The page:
The management of rivers, lakes and reservoirs is a difficult task which demands considerable effort to restore deteriorating catchments, water habitats and water quality. The Torrens Lake, in Adelaide South Australia, has similar problems to many lakes worldwide including catchment clearing, nutrient focussing, flow regulation, water extraction for irrigation and cyanobacterial blooms.
It is unlikely that any management strategy will reduce cyanobacterial numbers to zero and therefore the most realistic strategy would be one that controls the cyanobacterial population below the guideline concentration for recreational exposure. Artificial destratification is likely to be ineffective at controlling cyanobacteria in the Torrens, as the system is shallow and mixing inefficient. Nutrient control will constrain cyanobacterial biomass but the Torrens catchment delivers high loads of nutrients to the lake and it will be decades before control measures limit growth to the desired thresholds.
The aim of this study was to investigate whether a controlled upstream release of water could effectively dilute the population and control cyanobacteria numbers below a threshold. For a growth rate of 0.4/day, which is a typical exponential growth rate of cyanobacteria in the Torrens Lake, it can be concluded that a diluting flow of at least 10% per day would be required to have noticeable impact on the cyanobacteria population. With a starting cell concentration of 100 cells/mL, a growth rate of 0.4/day and a diluting flow of 10%, the cell concentration after 20 days would be 74,420 cells/mL, which is below the critical threshold for cell numbers.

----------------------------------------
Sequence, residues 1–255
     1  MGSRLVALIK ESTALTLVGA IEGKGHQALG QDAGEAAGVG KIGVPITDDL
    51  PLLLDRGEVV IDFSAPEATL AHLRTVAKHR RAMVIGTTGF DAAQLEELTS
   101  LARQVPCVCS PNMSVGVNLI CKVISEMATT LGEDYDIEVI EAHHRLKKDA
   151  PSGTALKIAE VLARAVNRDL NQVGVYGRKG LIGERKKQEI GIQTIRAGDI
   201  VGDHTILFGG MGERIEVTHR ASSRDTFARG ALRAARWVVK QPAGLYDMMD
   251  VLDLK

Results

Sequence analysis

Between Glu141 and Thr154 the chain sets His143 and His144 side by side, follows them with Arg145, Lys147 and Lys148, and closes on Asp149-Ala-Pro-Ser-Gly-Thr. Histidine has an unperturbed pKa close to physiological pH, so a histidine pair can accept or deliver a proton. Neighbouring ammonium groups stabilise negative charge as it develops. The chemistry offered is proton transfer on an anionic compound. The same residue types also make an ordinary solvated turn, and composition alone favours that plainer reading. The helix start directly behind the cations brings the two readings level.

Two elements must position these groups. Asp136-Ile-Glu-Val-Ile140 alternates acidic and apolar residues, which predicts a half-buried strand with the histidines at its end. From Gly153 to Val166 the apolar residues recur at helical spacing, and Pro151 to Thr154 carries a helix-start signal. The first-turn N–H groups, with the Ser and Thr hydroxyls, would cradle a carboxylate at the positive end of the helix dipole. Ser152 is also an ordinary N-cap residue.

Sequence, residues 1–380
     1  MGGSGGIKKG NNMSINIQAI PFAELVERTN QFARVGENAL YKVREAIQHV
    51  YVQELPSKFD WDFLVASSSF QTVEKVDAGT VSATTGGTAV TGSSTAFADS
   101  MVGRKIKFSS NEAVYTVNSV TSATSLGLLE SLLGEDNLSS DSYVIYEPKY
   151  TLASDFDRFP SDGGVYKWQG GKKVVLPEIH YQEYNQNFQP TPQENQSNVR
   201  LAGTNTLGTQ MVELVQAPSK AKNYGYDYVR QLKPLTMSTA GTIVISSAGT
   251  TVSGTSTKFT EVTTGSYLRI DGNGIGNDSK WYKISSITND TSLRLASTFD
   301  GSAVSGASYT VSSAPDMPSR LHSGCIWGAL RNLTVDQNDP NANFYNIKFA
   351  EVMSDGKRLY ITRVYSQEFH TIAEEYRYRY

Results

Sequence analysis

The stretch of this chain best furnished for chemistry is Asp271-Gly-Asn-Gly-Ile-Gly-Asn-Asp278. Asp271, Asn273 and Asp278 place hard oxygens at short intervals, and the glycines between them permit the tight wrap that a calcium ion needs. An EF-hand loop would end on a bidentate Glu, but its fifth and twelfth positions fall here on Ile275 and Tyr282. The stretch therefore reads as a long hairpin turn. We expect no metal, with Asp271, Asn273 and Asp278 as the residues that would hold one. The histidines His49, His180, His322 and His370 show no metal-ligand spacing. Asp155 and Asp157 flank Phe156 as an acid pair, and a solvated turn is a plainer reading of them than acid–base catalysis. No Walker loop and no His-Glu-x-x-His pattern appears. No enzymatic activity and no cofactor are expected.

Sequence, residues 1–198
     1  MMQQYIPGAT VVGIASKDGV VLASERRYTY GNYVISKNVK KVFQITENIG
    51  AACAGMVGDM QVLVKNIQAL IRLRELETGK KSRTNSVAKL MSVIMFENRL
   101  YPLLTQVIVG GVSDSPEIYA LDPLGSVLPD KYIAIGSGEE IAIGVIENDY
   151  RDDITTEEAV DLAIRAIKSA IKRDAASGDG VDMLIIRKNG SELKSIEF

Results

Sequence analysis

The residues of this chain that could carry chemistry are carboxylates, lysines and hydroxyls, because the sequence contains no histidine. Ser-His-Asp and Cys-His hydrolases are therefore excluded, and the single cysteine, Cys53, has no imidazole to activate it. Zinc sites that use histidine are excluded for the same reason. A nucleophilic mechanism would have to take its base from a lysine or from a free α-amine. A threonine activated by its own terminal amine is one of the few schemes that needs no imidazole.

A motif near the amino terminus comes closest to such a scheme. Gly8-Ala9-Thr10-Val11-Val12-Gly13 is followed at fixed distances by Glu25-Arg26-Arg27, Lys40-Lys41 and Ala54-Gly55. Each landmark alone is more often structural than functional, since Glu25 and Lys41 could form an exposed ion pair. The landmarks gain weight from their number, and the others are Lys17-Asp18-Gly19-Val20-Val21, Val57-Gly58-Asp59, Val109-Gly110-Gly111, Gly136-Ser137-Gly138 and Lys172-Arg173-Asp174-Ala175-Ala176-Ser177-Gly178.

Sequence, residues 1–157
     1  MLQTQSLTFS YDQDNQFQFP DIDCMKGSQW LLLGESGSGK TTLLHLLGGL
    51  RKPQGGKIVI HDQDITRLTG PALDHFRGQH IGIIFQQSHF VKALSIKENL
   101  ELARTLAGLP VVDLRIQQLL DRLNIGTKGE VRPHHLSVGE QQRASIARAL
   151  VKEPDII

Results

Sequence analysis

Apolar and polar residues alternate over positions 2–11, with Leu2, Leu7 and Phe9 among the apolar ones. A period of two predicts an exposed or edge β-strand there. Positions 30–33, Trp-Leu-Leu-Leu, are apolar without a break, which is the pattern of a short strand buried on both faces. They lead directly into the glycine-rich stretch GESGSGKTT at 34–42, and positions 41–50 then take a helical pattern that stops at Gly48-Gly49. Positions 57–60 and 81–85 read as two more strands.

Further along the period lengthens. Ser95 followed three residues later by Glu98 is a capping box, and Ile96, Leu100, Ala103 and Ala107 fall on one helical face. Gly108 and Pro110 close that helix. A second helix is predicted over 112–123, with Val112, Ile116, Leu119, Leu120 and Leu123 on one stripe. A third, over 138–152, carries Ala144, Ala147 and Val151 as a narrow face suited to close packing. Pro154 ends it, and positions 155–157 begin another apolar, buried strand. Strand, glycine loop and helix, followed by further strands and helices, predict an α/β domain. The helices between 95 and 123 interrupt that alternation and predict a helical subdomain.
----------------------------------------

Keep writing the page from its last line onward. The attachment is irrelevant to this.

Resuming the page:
A trial was conducted in the summer of 2011/12. Flows were released from Hope Valley Reservoir in response to the level of cyanobacteria present in the Torrens Lake with the aim of keeping cyanobacterial numbers in check and avoiding lake closure. During a period when upstream water was unavailable the cyanobacteria grew exponentially and the population exceeded the threshold concentration. Under similar meteorological conditions later in summer the population was maintained by a combination of controlled amenity flows and rain event inflows.
The study concluded that: